Autism spectrum disorder (ASD) is a very broad set of neurodevelopmental conditions. Around 1 in 160 children have it worldwide. It’s a much larger ratio in the U.S. at 1 in 68. While symptoms vary significantly, those who experience ASD often have trouble communicating, managing their emotions or developing social skills.
Some with autism develop speech problems. Others have difficulty reading social situations or adapting to new environments. Others still exhibit anxiety, hyperactivity or other compulsive behaviors. ASD sometimes comes with cognitive impairment, but not always.
Children usually start showing signs of autism at 18 months of age or so. Research has shown that early intervention can help make the condition more manageable. Unfortunately, no one knows what causes it, although it’s thought to have both genetic and environmental components. What’s more, no reliable diagnostic is currently in place (here is how the disease is currently diagnosed). But thanks to work by an international team of scientists, an autism test is now on the horizon.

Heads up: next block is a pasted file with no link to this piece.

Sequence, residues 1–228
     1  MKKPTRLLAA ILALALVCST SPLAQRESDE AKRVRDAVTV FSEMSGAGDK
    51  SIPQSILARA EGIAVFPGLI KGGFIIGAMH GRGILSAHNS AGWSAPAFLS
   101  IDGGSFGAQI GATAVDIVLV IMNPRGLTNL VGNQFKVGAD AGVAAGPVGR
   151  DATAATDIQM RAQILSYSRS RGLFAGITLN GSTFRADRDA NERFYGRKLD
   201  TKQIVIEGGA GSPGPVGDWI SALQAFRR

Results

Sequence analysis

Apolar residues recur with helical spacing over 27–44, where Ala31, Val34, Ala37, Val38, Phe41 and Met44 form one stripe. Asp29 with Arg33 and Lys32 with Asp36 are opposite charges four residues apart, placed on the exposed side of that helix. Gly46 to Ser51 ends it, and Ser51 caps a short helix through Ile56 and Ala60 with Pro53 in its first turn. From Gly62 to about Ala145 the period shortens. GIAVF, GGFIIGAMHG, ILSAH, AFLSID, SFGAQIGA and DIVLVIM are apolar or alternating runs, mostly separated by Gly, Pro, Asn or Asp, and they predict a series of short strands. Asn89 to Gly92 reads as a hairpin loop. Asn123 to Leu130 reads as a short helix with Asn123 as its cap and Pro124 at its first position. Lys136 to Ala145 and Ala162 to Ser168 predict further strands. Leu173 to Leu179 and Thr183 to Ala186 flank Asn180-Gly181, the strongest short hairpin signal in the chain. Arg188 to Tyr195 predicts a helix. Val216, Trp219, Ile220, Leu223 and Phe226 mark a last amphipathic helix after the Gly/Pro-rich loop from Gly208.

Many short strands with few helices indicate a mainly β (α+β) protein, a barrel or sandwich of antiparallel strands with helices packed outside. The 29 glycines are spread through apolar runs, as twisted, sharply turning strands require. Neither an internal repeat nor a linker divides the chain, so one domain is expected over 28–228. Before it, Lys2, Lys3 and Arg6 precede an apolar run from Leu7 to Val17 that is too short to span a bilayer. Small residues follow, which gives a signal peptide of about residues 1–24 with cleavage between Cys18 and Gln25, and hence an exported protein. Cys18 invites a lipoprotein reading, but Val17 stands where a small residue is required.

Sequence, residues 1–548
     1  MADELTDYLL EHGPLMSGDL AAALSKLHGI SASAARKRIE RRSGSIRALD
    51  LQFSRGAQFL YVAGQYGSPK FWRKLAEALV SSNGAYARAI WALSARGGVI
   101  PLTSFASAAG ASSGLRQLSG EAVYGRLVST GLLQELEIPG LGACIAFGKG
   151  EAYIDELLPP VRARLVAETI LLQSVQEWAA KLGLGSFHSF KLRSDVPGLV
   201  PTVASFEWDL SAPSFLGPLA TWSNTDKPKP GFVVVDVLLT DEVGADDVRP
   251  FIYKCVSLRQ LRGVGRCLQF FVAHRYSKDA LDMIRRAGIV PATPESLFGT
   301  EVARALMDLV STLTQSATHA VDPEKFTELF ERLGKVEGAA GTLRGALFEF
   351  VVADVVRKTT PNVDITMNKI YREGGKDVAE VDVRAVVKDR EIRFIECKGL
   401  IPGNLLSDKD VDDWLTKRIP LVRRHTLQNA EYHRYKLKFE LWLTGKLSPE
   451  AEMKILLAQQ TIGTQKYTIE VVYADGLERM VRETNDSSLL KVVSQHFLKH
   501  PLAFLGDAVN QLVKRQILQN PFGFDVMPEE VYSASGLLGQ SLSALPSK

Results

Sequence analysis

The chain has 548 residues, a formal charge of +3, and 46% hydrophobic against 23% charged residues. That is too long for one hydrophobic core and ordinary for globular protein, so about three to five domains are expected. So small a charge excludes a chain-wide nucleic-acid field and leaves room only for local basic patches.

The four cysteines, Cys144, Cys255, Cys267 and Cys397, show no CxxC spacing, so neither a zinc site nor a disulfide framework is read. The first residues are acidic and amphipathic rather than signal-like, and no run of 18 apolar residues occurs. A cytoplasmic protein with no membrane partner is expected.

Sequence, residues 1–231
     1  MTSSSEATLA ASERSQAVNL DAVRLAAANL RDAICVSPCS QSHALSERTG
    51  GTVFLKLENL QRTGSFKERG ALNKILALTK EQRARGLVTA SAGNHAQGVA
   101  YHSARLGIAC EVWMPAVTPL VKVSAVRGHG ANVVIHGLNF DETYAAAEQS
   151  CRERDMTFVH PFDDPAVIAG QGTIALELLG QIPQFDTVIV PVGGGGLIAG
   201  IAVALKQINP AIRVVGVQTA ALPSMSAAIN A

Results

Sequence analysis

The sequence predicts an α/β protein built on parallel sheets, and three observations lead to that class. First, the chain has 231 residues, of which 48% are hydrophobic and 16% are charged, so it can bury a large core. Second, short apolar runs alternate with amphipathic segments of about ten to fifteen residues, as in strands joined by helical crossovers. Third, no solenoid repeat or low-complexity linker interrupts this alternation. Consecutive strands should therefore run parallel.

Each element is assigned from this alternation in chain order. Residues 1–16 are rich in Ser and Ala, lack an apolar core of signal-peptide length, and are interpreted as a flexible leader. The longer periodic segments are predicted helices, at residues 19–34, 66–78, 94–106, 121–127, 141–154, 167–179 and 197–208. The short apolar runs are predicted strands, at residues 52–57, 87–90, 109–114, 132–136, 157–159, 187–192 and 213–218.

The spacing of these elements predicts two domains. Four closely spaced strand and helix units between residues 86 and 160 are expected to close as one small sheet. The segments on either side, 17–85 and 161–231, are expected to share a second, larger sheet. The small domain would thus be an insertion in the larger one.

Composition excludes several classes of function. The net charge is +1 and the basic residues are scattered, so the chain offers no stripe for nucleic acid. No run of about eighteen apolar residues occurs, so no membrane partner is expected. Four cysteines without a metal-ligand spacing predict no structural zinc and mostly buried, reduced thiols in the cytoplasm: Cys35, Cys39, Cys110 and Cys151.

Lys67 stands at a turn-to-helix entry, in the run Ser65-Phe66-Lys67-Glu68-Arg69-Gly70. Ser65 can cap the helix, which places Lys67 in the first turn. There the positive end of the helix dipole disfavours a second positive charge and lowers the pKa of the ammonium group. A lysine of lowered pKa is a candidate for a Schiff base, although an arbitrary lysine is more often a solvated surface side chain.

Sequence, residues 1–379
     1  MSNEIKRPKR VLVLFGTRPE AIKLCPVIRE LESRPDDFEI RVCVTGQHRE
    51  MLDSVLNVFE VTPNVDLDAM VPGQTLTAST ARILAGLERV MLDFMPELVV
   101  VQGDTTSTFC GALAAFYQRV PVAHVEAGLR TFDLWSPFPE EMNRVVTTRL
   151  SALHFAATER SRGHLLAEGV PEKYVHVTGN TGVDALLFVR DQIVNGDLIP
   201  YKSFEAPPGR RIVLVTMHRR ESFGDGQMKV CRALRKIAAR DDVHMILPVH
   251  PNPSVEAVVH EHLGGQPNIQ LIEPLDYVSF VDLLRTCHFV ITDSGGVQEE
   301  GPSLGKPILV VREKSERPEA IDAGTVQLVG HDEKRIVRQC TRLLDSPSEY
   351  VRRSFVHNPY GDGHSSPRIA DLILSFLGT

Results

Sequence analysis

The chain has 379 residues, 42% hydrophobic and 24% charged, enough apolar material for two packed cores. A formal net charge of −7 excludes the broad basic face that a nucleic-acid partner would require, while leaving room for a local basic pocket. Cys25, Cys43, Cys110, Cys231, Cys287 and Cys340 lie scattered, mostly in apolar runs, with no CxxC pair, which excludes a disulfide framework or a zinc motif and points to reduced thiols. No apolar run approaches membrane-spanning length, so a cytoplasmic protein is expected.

Researchers at the University of Warwick in the UK, partnering with colleagues at the University of Bologna, in Italy, have identified a number of different biomarkers present in those with autism, that’s absent in those who don’t. Their discovery should lead to a medical test for the condition—either a blood or urine test—a first of its kind. The results of the study were published in the journal Molecular Autism.
For the study, scientists compared blood samples from 38 Italian children diagnosed autism (29 boys and 9 girls) to 31 children without the diagnosis (23 boys and 8 girls). The children were all between the ages of 7 and 12. With help from colleagues at the University of Birmingham, U.K., researchers used artificial intelligence algorithms to compare and contrast the proteins in the two groups’ samples. This allowed for the development of an algorithm that could tell which children have ASD with 90% accuracy, and which children didn’t, with 87% accuracy.
The algorithm kept an eye on higher levels of a molecule known as dityrosine (DT), which is present when proteins are damaged during oxidation or advanced glycation end products (AGE). The latter occurs when proteins or fats come into contact with glucose and are altered by it. Those with autism showed higher levels of protein damage.